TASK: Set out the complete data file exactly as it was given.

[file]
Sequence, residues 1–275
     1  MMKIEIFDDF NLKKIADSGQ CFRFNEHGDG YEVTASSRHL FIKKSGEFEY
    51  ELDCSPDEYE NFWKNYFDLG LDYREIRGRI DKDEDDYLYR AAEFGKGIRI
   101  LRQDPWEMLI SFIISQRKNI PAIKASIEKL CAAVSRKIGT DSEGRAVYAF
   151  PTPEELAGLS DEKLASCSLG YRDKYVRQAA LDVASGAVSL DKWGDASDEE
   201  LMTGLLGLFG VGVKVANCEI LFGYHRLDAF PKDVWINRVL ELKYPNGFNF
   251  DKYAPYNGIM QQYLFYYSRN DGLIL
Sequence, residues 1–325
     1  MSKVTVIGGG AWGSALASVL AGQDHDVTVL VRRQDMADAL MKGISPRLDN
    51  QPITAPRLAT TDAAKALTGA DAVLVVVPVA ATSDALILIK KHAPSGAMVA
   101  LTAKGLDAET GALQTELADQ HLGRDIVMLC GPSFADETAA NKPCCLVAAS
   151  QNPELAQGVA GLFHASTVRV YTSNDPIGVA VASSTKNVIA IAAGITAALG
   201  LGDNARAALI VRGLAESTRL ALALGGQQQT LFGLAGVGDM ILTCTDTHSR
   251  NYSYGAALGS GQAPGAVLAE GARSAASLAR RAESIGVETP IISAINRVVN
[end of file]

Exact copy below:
Sequence, residues 1–275
     1  MMKIEIFDDF NLKKIADSGQ CFRFNEHGDG YEVTASSRHL FIKKSGEFEY
    51  ELDCSPDEYE NFWKNYFDLG LDYREIRGRI DKDEDDYLYR AAEFGKGIRI
   101  LRQDPWEMLI SFIISQRKNI PAIKASIEKL CAAVSRKIGT DSEGRAVYAF
   151  PTPEELAGLS DEKLASCSLG YRDKYVRQAA LDVASGAVSL DKWGDASDEE
   201  LMTGLLGLFG VGVKVANCEI LFGYHRLDAF PKDVWINRVL ELKYPNGFNF
   251  DKYAPYNGIM QQYLFYYSRN DGLIL
Sequence, residues 1–325
     1  MSKVTVIGGG AWGSALASVL AGQDHDVTVL VRRQDMADAL MKGISPRLDN
    51  QPITAPRLAT TDAAKALTGA DAVLVVVPVA ATSDALILIK KHAPSGAMVA
   101  LTAKGLDAET GALQTELADQ HLGRDIVMLC GPSFADETAA NKPCCLVAAS
   151  QNPELAQGVA GLFHASTVRV YTSNDPIGVA VASSTKNVIA IAAGITAALG
   201  LGDNARAALI VRGLAESTRL ALALGGQQQT LFGLAGVGDM ILTCTDTHSR
   251  NYSYGAALGS GQAPGAVLAE GARSAASLAR RAESIGVETP IISAINRVVN